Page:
Ordinary or preference shares?

Ordinary or preference shares?

16th May 2018 by Saul Gindill

Both ordinary shares and preference shares give shareholders ownership in a company, but they can be different from each other in some important ways. We take a look at the main points that differentiate them.

Ordinary Shares

Shares are unit of ownership in a company. When you initially incorporate a new company it’s most common that there is only one class of shares – known as ‘ordinary shares’. These shares all have exactly the same key rights in the company, the most important being:

  • Voting rights.
  • Dividend rights.
  • Right to ownership in the company.

With a single class of ordinary shares these rights are proportionate. For example, if you had ten shares out of 100 you would be entitled to 10% voting rights in, and ownership of the company.

However, under English law share classes are theoretically unlimited, and as companies grow and become more sophisticated they often create more than one class of shares. These additional classes of shares are often referred to as preference shares.

Preference shares

The first thing to bear in mind is that UK company law is extremely flexible. Within the existing legal framework, companies are free to create many different types of shares with often varied rights.

Within early-stage / venture investing, there are common variations that tend to be seen. These variations focus on one of two areas – economics and voting.

  1. Economics

There are three main ways in which a company will return value to shareholders:

  • Dividends – A payment to shareholders out of the company’s profits.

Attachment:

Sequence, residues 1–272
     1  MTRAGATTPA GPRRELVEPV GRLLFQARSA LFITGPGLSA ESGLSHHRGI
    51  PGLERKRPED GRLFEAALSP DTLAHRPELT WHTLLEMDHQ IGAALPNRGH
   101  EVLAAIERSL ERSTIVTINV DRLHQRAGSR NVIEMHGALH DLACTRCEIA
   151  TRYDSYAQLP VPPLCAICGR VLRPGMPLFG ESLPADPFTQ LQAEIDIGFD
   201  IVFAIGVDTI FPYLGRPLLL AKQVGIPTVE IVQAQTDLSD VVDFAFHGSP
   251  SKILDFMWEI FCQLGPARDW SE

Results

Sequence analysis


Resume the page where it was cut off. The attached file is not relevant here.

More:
• Exit  The sale of the business, such as to a corporate purchaser, or the listing of the company’s shares on the stock exchange.
  • Liquidation A high proportion of startups fail and when they do they may often have surplus cash and assets. After the company’s debts are settled there may be some value remaining. This is then returned to shareholders.
  1. Voting rights

Although directors are appointed by shareholders to run the company on their behalf, it’s ultimately the shareholders, via their votes, who have control of the company.

So, when new share classes are created they can flex any one of these rights, or all of them together. These new classes can rank ahead of the ordinary shares, or behind them, or only have some of these rights versus ordinary shares (e.g. the famous Google non-voting shares.

How preference shares are normally used

‘Preference shares’ usually refers to a share class that ranks ahead of ordinary shares in some way when it comes to economic returns.

Again, this can take many forms, but in today’s market there’s a common form of preference share that’s used for venture investing – the 1x, non-participating, convertible preference share.

The rights for such a share will be as follows:

  1. The right to a return on an exit or liquidation event of one times the amount paid for those shares (“1x”),